"Well," he says mournfully, looking down at his scrambled eggs, "I really wanted oatmeal this morning, but I guess providentially I was destined to have eggs."
(I could have lots of fun with this. My family eats ketchup on our eggs. His family finds that revolting.)
He is just joking, but this reminds me of a serious fallacy regarding open doors and God's will for us.
Many people think that if there is an open door in their lives, they are supposed to walk through it.
This is prime foolishness.
An open door does not always indicate God's will for you.
Some open doors lead to empty elevator shafts.
Just because you received that job offer in Kathmandu doesn't mean you are supposed to uproot your family and apply for frequent flyer cards. Just because that guy proposed to you doesn't mean you have to go wedding dress shopping. And that offer of a free mucho-grando banana split-o while you are on a diet? Not necessarily an indication of your fated fat-filled future.
We hear this often here in the Philippines regarding job offers abroad: "Well, if I receive a job offer, I will know it is God's will for me to leave my family and move to Saudi Arabia to work."
The truth is that there may be many open doors in our lives. We have a responsibility to consider which ones God truly wants us to walk through. This can be hard work. It takes self-discipline and Scripture searching and prayer. It takes research. It takes submission.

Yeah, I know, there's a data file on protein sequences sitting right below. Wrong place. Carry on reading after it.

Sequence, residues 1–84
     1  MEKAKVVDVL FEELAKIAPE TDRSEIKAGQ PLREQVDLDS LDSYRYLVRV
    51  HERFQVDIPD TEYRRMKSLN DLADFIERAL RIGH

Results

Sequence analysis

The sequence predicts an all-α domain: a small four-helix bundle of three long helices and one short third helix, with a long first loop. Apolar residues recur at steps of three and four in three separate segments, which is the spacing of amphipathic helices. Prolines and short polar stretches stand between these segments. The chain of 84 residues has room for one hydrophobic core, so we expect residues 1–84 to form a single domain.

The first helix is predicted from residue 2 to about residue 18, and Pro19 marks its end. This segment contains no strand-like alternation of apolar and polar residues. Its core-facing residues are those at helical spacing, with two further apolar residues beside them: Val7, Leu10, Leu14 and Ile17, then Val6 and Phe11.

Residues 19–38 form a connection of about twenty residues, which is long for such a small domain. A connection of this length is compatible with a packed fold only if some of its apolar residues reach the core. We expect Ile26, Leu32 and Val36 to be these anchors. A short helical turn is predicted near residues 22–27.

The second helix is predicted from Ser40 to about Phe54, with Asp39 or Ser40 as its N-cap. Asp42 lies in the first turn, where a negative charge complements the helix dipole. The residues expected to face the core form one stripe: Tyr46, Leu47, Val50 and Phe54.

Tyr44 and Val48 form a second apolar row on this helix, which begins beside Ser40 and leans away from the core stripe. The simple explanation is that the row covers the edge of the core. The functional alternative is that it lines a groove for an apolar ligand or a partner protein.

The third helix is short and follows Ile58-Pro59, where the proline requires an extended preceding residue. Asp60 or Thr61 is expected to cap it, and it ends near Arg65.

I think we rely on the "open door" idea because it is so much easier than sweating our way through all of the options. And if it matches our own selfish desires, we can point at it to justify our decisions.
Here is how to properly handle open doors:
1. Examine that open door through the lens of Scripture, searching the Bible for
- clear commands
- passages directly related to your dilemma
- Biblical principles
- examples of people who faced your dilemma
- verses indirectly related to your predicament
2. Seek godly counsel from others who know the Word of God, understand the matter in question, and are fully acquainted with you.
3. Pray and ask God to direct your plans. Then ask for His continual redirection in any area in which you might stray from His will.
4. Expect God to lead you to the open door He wishes you to walk through.
When you properly handle your open doors, you can walk through them with confidence, knowing that even if you DO end up free-falling down an elevator shaft. . .
You can enjoy the ride.
God has led you there.
There is no guarantee that behind all of God's open doors for us lies success. Sometimes failure or trial is God's perfect will for us. But how precious it is to pass through a trial knowing that it was ordained of God and not a consequence of failing to seek His will!
Examine your open doors carefully.
--Timothy and Laura Berrey